Web GIS: Mapping at the Age of Internet
Ten years ago, if you ask me to make a map of all the National and State Parks of the United States, with all its descriptions and related information accessible by the public as a web mapping application, I would probably stop you right there and convince you that neither am I a GIS developer nor a programmer, and that I can only make printed maps of those parks. But gone are those days when digital mapping is only done by highly-skilled Geographic Information Systems (GIS) professionals. Today, one can make these web maps in just a few clicks and practically share them to everyone as well. Just like other disruptive technologies that make our lives easier from booking an accommodation with Airbnb, and hailing a cab with Uber, digital mapping has never been this uncomplicated through Web GIS.
Evolution of GIS
There was a time when digital mapping is done by a very limited number of companies and agencies with their expensive hardware and sophisticated software programs, operated by expert cartographers and engineers. This traditional GIS setup is often referred to as Desktop GIS, wherein an operator authors a map from a workstation using a free or proprietary GIS mapping software. Until recently, the use of web technologies in providing basic services has become so extensive that it also benefitted the mapping and GIS industry. Technological advancement in hardware and software development drove the industry to extend the capabilities of GIS that will enable users to consume and share geospatial information to a wide audience through the web. Consequently, the evolution of GIS mapping also paved way to the influx of large volume of geospatial information brought about by this trend. Thus, the term ‘web mapping’ and ‘web GIS’ was coined, referring to the process of serving and consuming geospatial information usually through a web browser such as Google Chrome, Mozilla Firefox and Safari, wherein users can also choose what they want to see or do with the map.
Gazetteer for Scotland – The first geographical database with interactive mapping. One of the earliest web mapping applications with its first prototype dating back in 1995.
Advantages Over Traditional GIS Patterns
Talking about GIS servers and clients that are literally thousands of miles away from each other, there is no doubt that one of the foremost advantages of Web GIS over traditional Desktop GIS is global reach. A marine biologist in California can now author a web map showing the habitations of an endangered species, which can be viewed by the director of a non-profit environmental conservation organization in Tokyo using his computer or mobile device. Depending on the capabilities of the web map enabled by the author, the user can perform additional actions on the map, such as querying, printing, and data analysis.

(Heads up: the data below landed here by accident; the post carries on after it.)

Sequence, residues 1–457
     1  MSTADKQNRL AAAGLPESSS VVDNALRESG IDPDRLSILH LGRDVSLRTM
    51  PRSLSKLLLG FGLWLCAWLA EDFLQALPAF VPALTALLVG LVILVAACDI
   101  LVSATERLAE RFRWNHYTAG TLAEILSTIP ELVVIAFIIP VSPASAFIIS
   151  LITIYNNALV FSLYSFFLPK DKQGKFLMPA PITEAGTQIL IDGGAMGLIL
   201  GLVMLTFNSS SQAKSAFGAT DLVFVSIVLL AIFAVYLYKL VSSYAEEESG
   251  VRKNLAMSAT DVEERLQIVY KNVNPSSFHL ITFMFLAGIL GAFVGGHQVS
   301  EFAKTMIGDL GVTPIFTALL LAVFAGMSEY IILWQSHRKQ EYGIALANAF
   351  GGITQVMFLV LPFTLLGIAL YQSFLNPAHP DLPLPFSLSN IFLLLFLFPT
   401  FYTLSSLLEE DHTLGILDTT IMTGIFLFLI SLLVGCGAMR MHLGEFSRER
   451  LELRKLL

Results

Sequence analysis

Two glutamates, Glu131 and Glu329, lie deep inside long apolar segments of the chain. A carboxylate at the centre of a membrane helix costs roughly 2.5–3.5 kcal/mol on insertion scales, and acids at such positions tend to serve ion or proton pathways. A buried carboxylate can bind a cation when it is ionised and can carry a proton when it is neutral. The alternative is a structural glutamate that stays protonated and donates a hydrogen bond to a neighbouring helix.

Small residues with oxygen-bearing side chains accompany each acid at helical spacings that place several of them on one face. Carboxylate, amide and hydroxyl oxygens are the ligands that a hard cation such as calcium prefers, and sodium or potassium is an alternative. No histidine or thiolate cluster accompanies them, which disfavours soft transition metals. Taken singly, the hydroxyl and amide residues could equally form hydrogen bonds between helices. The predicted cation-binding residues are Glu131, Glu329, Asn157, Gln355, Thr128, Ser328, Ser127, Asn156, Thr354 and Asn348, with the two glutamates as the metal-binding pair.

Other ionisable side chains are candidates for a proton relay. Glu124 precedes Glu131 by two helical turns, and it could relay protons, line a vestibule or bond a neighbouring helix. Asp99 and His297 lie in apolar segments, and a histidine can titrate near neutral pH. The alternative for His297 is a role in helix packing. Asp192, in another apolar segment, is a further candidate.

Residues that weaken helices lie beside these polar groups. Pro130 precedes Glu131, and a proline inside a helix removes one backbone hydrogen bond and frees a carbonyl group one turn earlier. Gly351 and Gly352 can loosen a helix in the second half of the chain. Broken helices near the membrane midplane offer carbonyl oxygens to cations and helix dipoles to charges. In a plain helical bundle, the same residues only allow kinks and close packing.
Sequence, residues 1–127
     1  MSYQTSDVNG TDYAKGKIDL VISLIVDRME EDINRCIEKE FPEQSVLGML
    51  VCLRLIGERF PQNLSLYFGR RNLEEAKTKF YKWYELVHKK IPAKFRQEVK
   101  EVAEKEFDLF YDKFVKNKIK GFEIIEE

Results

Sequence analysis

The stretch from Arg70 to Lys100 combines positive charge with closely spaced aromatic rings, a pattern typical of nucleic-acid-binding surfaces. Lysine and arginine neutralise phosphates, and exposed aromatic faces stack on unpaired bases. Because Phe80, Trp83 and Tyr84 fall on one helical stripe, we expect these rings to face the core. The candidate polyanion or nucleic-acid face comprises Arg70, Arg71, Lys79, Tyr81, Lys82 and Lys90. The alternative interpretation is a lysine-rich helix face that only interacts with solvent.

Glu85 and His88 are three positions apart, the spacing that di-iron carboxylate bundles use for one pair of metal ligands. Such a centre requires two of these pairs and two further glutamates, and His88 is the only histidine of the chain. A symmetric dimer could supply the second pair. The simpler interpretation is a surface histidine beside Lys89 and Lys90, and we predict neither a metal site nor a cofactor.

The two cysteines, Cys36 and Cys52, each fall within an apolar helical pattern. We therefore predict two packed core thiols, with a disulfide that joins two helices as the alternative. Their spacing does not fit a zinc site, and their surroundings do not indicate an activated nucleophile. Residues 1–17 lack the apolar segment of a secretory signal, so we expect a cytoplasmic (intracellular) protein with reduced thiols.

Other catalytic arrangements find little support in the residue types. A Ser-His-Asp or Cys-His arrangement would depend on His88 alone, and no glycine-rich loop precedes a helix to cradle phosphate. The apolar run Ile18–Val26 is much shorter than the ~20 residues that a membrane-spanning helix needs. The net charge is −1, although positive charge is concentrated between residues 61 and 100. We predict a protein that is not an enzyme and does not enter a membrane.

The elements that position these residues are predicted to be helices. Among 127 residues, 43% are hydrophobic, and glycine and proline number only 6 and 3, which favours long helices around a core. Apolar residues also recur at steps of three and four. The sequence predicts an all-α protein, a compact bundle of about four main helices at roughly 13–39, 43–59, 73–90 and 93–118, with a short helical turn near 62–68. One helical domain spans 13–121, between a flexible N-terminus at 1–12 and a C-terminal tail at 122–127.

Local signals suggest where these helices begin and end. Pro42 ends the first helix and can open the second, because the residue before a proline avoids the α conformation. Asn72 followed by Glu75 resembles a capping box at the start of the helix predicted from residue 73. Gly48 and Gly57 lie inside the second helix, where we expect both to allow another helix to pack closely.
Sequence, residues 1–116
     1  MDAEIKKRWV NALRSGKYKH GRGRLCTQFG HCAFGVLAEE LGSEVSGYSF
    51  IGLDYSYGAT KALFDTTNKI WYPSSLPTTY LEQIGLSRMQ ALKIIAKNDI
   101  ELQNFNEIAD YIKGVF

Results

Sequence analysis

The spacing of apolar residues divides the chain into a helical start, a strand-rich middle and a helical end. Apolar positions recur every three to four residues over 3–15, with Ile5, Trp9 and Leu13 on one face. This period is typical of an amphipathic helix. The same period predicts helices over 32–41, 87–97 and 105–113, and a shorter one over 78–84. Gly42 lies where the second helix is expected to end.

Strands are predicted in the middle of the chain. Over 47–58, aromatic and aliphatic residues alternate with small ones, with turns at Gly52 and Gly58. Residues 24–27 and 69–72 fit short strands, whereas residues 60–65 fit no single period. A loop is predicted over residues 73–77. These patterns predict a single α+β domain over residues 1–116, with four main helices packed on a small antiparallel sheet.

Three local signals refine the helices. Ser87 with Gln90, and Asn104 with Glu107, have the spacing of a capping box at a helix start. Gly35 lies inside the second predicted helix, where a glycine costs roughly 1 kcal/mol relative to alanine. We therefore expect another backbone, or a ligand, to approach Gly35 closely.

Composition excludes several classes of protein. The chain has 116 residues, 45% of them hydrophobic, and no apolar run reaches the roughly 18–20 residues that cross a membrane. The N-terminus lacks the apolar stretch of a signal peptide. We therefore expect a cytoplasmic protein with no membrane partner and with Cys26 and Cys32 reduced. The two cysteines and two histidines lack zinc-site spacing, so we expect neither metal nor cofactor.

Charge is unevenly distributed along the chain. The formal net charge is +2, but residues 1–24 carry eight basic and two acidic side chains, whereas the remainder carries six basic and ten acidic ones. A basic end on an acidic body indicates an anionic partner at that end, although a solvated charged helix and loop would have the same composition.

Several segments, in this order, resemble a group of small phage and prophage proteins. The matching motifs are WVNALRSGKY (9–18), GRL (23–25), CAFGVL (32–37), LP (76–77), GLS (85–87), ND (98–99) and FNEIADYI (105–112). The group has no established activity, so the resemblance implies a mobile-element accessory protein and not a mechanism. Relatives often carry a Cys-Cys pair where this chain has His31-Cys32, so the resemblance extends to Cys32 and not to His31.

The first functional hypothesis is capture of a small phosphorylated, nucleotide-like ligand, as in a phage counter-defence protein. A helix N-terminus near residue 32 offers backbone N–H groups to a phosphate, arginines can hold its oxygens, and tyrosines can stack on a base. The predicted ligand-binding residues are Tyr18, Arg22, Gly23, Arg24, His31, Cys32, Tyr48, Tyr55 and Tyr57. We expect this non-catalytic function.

Using a web browser, everyone can now visualize geospatial data, share maps, and perform analysis. A manager of a logistic company for example, can now view the locations of delivery destinations and find the optimal route in delivering packages.
Below are just some of the advantages of Web GIS over the traditional Desktop GIS:
- Ease of use - Web GIS is intended to be used by a broader audience, especially those that have little or no knowledge in GIS at all. While Desktop GIS is usually used by professionals who have an expertise in geospatial technology, Web GIS can be leveraged by different organizations such that, everybody can easily create maps, visualize data, and conduct spatial analysis. Compared to desktop applications with over a hundred buttons and toolbars, web applications are usually designed for simplicity, comprising of only a few essential buttons designed for a very specific purpose of the map.
- Accessible – One of the limitations of Desktop GIS is that it can only be used by a single user at a time. Organizations need to have several workstations with a GIS software installed to perform basic mapping tasks. With Web GIS, multiple users can work simultaneously using only their web browsers. Given that users can now access the web using their mobile phones, the reach of these services widens even more.
- Cost-effective – Since Desktop GIS requires individual GIS programs installed on every workstation, maintenance cost also increases as the number of users grows. Organizations that need to offer GIS capabilities to several users can tap the power of Web GIS to minimize this cost. Given that the updates are also applied across all clients, organizations can easily deliver real-time information.
The Future of Web GIS
This paradigm shift in mapping not only benefitted those that are consuming geospatial data but also those that are creating it. You can ask me the same question as before and I can confidently give you a web map of those national and state parks even if I have a limited knowledge about programming. Today, creators of authoritative geospatial information are not only confined on the idea of making maps but more importantly, on sharing them. But if you are going to ask if this trend is going to replace the traditional one (Web GIS vs. Desktop GIS), well, at least not in the next few years. Users still need Desktop GIS for authoring and analyzing high-volume and high-velocity geospatial data. While Web GIS offers an excellent avenue for data sharing and collaboration, Desktop GIS is still very much needed for data preparation. Simply put, we can think of Desktop GIS as Photoshop, where we perform advanced edits on our images and Web GIS as Instagram, where we share these edited images. They are both here not to replace but complement each other.
An example of Web GIS, vMAP is a powerful, accessible web-based Geographic Information System (GIS) solution that offers data analysis, visualization and other mapping capabilities for organizations across all industries.